Endometriosis Menopause Malignancy

Can Endometriosis Become Malignant After Menopause?

Endometriosis, a condition commonly affecting women of reproductive age, doesn’t just vanish in menopause. In fact, an estimated 2-4% of postmenopausal women suffer from symptomatic endometriosis. Although endometriosis is generally benign, there lies a risk of malignant transformation. This article delves into the malignant transformation of postmenopausal endometriosis, presenting a comprehensive analysis of the topic.

Understanding Endometriosis and Menopause

Endometriosis is a complex clinical syndrome characterized by the presence of ectopic endometrial-like tissue. This pathological condition primarily affects women of reproductive age, often causing infertility and chronic pelvic pain leading to severe functional limitations.

While one might assume that the cessation of menstruation and the hypoestrogenic state associated with menopause would alleviate endometriosis, this isn’t always the case. Postmenopausal endometriosis can affect up to 4% of women. Recurrences or malignant transformations, although rare, are possible events.

Malignant Transformation: A Rare but Possible Event

While endometriosis is a benign condition, it carries a risk of malignant transformation. Approximately 1% of ovarian endometriosis can turn into cancer. However, a prospective study found a standardized incidence ratio of malignant transformation of 8.95, indicating that malignant transformation, while rare, is a serious concern.

In the case of postmenopausal endometriosis, malignant transformation is even rarer. There are no definitive percentages about its prevalence, with data derived from studies, including case reports and case series. This scarcity of data highlights the need for further research into this topic.

Recurring Clinical Conditions

In the malignant transformation of postmenopausal endometriosis, some clinical conditions tend to recur:

  • History of endometriosis
  • Definitive gynecological surgery before menopause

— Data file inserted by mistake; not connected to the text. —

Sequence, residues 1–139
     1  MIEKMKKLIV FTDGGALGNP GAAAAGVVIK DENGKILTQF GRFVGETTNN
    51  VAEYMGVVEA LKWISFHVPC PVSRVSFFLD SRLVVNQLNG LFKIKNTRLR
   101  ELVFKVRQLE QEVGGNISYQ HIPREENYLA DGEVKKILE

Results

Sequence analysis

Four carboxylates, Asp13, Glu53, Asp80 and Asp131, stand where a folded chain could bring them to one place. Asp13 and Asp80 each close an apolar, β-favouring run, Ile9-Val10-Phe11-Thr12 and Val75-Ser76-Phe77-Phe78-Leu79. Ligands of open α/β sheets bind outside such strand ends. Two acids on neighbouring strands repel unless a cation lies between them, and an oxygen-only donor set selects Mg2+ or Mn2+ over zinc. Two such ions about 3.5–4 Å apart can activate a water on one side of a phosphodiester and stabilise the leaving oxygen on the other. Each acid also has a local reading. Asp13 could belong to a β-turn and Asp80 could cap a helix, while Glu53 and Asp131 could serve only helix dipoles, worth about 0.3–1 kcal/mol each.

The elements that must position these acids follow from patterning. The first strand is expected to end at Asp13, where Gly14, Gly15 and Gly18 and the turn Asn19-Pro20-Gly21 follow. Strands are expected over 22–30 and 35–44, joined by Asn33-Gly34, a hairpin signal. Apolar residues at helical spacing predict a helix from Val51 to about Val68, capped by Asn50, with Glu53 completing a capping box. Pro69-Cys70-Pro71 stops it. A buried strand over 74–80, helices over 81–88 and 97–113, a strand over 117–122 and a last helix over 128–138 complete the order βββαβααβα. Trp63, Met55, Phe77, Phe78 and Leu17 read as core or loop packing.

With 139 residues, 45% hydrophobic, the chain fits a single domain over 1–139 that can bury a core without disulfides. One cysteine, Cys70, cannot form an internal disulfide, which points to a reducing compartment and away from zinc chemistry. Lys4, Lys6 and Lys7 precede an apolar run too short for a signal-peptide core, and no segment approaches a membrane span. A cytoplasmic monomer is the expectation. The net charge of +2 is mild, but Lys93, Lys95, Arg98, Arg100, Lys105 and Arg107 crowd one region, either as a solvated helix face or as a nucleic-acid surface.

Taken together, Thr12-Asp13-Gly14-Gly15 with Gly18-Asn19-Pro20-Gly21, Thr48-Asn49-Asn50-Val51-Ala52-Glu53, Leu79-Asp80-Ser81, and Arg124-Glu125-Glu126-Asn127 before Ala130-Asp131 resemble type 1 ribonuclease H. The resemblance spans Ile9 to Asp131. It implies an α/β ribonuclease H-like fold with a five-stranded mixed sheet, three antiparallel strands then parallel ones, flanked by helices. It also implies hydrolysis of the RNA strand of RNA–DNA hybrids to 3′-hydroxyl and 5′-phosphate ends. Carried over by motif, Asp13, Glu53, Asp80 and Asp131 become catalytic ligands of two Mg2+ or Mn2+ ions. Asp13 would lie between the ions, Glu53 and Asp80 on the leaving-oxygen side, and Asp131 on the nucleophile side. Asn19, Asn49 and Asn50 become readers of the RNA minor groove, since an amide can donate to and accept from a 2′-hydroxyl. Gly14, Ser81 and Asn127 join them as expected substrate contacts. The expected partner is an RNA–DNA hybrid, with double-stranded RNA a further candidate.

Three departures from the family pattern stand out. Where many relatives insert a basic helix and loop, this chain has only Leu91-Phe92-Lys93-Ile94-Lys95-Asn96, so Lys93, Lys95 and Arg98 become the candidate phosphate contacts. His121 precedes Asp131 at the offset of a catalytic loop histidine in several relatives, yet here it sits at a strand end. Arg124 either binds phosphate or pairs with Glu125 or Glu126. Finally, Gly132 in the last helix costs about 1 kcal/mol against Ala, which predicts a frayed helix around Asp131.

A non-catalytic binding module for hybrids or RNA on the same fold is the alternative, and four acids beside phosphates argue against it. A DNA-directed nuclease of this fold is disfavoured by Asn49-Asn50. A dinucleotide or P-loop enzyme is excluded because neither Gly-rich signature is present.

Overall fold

• Estrogen-only hormone replacement therapy (HRT) for a relatively long time

These conditions, however, have shown a significant decrease in recent years. This decrease could be due to changes in the attitudes and management of gynecologists, influenced by up-to-date scientific evidence about the use of major surgery in gynecological pathologies.

The Role of Hormone Replacement Therapy (HRT)

HRT plays a significant role in postmenopausal endometriosis. Among the women who used HRT, estrogen-only therapy was taken by approximately 75% of women. The duration of treatment had a median of 11 years, with the course of treatment exceeding five years in most women.

Current recommendations on HRT include continuous combination formulations or Tibolone for women with previous endometriosis. However, these recommendations are based on limited data, emphasizing the need for more extensive studies on this topic.

Cancer Lesion Characteristics and Treatment

The malignant transformation of endometriosis can present with varying characteristics and may require different treatment approaches. Approximately 70% of cases had histology of endometrioid adenocarcinoma or clear cell carcinoma. The most frequent localization of the lesions was at the level of the pelvis, ovary, and vagina.

Most women underwent surgical treatment, with procedures including excision of the mass, hysterectomy with bilateral salpingo-oophorectomy, and surgical debulking. Adjuvant medical treatment was performed in about 60% of cases.

Patient Outcomes and Follow-up

The outcomes for patients with malignant transformation of postmenopausal endometriosis are generally favorable. The survival rate is approximately 80% in 12 months, with a recurrence rate of 9.8% and a death rate of 11.5%.

The duration of follow-up had a median of 12 months. However, follow-up data is still too incomplete to provide adequate information on the prognosis, highlighting the need for further research in this area.


The malignant transformation of postmenopausal endometriosis presents a clinical challenge that requires further exploration. As gynecologists’ attitudes and management strategies evolve, it’s crucial to continue research into this area, to provide accurate and individualized evaluation and information for patients.

While endometriosis is generally a benign condition, the risk of malignant transformation, particularly in postmenopausal women, should not be overlooked. Comprehensive understanding and timely management of this condition are crucial to improving patient outcomes.



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